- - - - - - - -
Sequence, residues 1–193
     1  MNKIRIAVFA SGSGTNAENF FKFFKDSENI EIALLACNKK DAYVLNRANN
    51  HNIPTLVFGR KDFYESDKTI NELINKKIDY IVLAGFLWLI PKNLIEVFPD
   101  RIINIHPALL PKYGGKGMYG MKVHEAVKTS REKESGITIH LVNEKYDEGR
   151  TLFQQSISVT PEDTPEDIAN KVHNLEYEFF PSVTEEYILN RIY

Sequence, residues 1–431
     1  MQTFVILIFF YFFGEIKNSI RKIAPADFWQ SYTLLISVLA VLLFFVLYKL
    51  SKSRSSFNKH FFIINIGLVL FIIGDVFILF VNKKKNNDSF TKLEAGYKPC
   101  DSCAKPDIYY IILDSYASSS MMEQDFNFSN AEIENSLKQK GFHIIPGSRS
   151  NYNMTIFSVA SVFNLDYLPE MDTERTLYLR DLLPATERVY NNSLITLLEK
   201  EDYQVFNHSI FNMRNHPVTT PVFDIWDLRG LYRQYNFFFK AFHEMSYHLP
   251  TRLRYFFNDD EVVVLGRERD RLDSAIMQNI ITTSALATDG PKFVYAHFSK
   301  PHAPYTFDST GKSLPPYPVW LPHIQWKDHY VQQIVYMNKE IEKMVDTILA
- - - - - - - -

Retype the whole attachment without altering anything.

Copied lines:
Sequence, residues 1–193
     1  MNKIRIAVFA SGSGTNAENF FKFFKDSENI EIALLACNKK DAYVLNRANN
    51  HNIPTLVFGR KDFYESDKTI NELINKKIDY IVLAGFLWLI PKNLIEVFPD
   101  RIINIHPALL PKYGGKGMYG MKVHEAVKTS REKESGITIH LVNEKYDEGR
   151  TLFQQSISVT PEDTPEDIAN KVHNLEYEFF PSVTEEYILN RIY

Sequence, residues 1–431
     1  MQTFVILIFF YFFGEIKNSI RKIAPADFWQ SYTLLISVLA VLLFFVLYKL
    51  SKSRSSFNKH FFIINIGLVL FIIGDVFILF VNKKKNNDSF TKLEAGYKPC
   101  DSCAKPDIYY IILDSYASSS MMEQDFNFSN AEIENSLKQK GFHIIPGSRS
   151  NYNMTIFSVA SVFNLDYLPE MDTERTLYLR DLLPATERVY NNSLITLLEK
   201  EDYQVFNHSI FNMRNHPVTT PVFDIWDLRG LYRQYNFFFK AFHEMSYHLP
   251  TRLRYFFNDD EVVVLGRERD RLDSAIMQNI ITTSALATDG PKFVYAHFSK
   301  PHAPYTFDST GKSLPPYPVW LPHIQWKDHY VQQIVYMNKE IEKMVDTILA